The honorific prefix o- is one of the most troublesome phenomena in present day Japanese. Since its use with most words is optional, there arises a dilemma. A speaker underusing the o- prefix may sound too brusque, but a male speaker who overuses it risks sounding effeminate. Learners using the form excessively might reveal the influence of a female teacher, or its underusage that of a male teacher. The trouble for learners is that the degrees of usage of o- are not detailed in any dictionary, nor are there any grammars considerate enough to show complete lists of those nouns which use o- and those which do not.
This paper is a combination of two related papers. In the first part of the paper, nouns are surveyed extensively to examine the probability that they would be prefixed with <>–. Semantic and etymological explanations (whether the word is indigenous or a loanword etc.) are given. This classification has been referred to and utilized in many subsequent studies of Japanese honorifics. The second part of the paper is concerned with differences of usage among speakers in Tokyo.
This extensive work of Dr. Sibata is a predecessor of sociolinguistic and geographic studies of the Tokyo metropolis. Using statistical methods, he was able to ascertain what kind of factors most affect the use of the prefix o-. As expected, women of the upper class were found to use more o- than those of the lower class. But contrary to general expectations, women of the Downtown (Shitamachi) area were found to use o- more than those of the more prestigious Uptown (Yamanote) area. This may now be explained as a kind of hyper-urbanization or by the linguistic insecurities of Downtown speakers as was later pointed out by Labov (1972) in reference to middle class speakers in New York City. Thus the results are quite interesting from the present state of sociolinguistics.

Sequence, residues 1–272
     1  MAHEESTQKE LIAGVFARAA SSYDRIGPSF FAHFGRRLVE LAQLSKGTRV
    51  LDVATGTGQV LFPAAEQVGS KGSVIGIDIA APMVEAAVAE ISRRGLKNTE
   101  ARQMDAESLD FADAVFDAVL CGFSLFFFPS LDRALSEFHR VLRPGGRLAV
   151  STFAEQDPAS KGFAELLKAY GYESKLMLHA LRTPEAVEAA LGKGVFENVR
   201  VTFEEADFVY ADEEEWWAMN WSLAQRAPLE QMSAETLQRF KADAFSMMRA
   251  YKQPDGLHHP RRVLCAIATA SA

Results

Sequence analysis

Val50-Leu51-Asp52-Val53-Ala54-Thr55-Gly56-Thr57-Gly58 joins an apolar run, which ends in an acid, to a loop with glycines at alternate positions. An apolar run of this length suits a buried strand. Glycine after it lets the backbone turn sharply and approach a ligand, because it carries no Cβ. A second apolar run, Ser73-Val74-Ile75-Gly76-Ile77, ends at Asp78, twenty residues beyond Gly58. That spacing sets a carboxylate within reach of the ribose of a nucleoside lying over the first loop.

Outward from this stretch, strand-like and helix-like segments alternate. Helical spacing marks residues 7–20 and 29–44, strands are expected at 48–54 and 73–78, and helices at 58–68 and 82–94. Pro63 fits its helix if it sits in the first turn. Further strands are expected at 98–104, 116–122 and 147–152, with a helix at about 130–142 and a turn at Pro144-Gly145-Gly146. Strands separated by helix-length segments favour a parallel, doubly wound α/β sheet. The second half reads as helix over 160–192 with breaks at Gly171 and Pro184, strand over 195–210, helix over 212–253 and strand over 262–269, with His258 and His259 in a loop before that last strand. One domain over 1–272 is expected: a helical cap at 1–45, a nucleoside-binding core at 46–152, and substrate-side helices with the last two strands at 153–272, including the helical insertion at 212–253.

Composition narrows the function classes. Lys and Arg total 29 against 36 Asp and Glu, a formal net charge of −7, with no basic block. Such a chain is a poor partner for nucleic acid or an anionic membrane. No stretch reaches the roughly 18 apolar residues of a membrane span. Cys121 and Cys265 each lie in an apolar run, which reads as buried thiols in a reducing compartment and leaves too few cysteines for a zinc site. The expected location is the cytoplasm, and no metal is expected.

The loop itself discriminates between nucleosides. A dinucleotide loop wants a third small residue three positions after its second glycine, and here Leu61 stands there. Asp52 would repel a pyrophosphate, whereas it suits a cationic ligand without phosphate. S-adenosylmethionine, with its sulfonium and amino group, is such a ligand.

The use of o- is thought to have spread since this study was done both in that o- is being used with more words, and that men’s use of o- is increasing. This study almost a decade after the Second World War is thus a monumental work for later studies of o- and of honorifics in general.
It seems that not only intellectuals but even the Japanese people as a whole have the impression that the honorific prefix o- is used excessively. According to an inquiry carried out by the National Language Research Institute in the city of Okazaki in Aichi Prefecture, the majority of informants regarded such forms as oninjin ‘carrot’ and o-megane ‘eye-glasses’ as excessively polite (Kokuritsu Kokugo Kenkyûjo 1957: 198, 283).